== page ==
5. What do you feel is the most compelling case for replacement reincarnation?
In my opinion, this is the case of Shiva/Sumitra. It has been documented most extensively of all cases of replacement reincarnation I know.
6. You've done critical investigations of mediumship and reported on fraudulent activity by Kai Mügge. Has the discovery of fraud affected how you consider historical reports of mediumship from the likes of Daniel Dunglas Home or Leonora Piper?
Yes, I have become more critical. When I first participated in sittings with Kai Mügge, I was convinced that the phenomena we observed were very likely genuine. We sat with his family members, neighbours and others in a very friendly and cheerful atmosphere. Interested people had always been welcome and there was no charge for anything. I realized only later that Kai had purposefully betrayed us already at that time, e.g., by using a red LED light to simulate “the essence of ectoplasm” (he even confessed this fraud in 2014). In retrospect, it is obvious that I had been much too uncritical. In the light of my learned lesson, it is bewildering to see how many sitters and even researchers still repeat the same mistake, also regarding Kai: They are again much too uncritical, even after everything so much has been published about fraudulent mediums since 150 years. They simply cannot imagine that their medium “friends” like Kai cheat them, and they have far too much confidence in their own opinions about what is possible or impossible during sittings. This gullibility wasn’t any different in the past: Many researchers merely saw what they wanted to see, and some even crafted their reports accordingly. But I still think that there are and were genuine mediums, and I count D.D. Home and Mrs. Piper among them.
7. A frustration of mediumship studies is the unwillingness of many purported mediums to sit under proper controls. Were one willing to do so, what would your ideal sitting design be, and what would you accept as evidence for genuine abilities?
The details depend of course on what exactly is to be investigated. But as general rules, I’d recommend the following for ideal sittings for macrophysical anomalies:
  • proper controls of the room and the items in it before and after the sittings (including the clothes of the psychic claimant), removal of all unnecessary items before the sittings
  • ensure that the psychic claimant is constantly controlled / visible during the entire sitting
  • no sittings in darkness or very dim red light; documentation of phenomena with appropriate technical measurement and recording devices
  • make sure to be in charge of the sittings, don’t let the psychic claimant decide about all important matters.

It is likely that the probabilities for successful documentations of genuine anomalies are diminished under these conditions, but one nevertheless needs to take these restrictions into account. This is far better than being duped and opening the doors to fraud and fiction, and propagating erroneous claims about physical mediums. Unfortunately, this happened again and again in very obvious ways even in recent experimental sittings with fraudulent mediums, including Kai Mügge. Macrophysical anomalies HAVE been documented many times also under reasonable control conditions and in good light. Hence, insisting on darkness, etc., is nothing but an obsolete excuse and cannot be regarded to constitute a reasonable argument anymore for researchers with a sound knowledge about physical mediumship and a genuine interest in these phenomena.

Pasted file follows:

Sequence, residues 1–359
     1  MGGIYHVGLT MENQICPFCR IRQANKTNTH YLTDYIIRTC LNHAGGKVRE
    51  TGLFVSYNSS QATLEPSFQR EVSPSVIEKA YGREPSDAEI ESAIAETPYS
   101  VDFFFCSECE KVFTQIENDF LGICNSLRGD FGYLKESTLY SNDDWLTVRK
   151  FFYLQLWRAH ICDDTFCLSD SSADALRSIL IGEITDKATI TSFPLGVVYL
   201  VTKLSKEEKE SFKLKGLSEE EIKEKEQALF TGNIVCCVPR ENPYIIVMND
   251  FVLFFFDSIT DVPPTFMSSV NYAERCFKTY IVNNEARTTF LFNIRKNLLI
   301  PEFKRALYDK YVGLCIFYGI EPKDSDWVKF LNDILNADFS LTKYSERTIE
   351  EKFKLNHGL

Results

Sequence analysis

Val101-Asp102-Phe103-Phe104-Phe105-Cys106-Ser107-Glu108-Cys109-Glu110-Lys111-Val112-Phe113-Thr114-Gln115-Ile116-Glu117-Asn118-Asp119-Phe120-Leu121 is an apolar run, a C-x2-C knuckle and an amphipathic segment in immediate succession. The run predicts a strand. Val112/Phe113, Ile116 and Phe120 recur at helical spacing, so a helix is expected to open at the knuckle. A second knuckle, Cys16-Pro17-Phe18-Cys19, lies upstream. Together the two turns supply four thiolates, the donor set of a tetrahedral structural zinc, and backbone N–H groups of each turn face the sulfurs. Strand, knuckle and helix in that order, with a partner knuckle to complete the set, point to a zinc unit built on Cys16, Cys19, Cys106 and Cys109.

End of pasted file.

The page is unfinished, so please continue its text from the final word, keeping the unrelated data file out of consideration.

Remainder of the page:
8. You've written about the enigmas of evolution (the origin of life, mutation, selection, psi phenomena), and the inability of neo-Darwinism to address them. Are there any proposals that you consider promising leads on any of these enigmas?
Sometimes, it is very astonishing how fast new species of animals develop, for example on islands or in caves. In drastic cases, a few dozen generations seem to suffice. In such cases, it remains to be determined in how far such a rapid speciation can be attributed exclusively to random mutations, genetic drift, and subsequent selection of the best adapted individuals. Possibly, epigenetic factors play an important role here as well. However, mechanisms of epigenetic inheritance are not yet fully understood, and it might furthermore be possible that also a “psychic” factor comes into play.

This is why studying reincarnation cases is so important: In about one third of the cases, the new born subjects who speak of a past life possess also bodily features that correspond to the body of the person whose life they remember. They can also display behavioural correspondences of various kinds. All this can happen even when there is no genetic link between the two concerned families. Such cases constitute examples of a mode of inheritance that cannot rely on the genes or other physical modes of trait transmission. Who knows if such processes are much more common in nature than we think, and usually go unnoticed, but still influence the formation of instincts or other aspects of animal behaviour, or even their bodily evolution?
9. What led you to investigating the sudden whitening of hair as a hobby?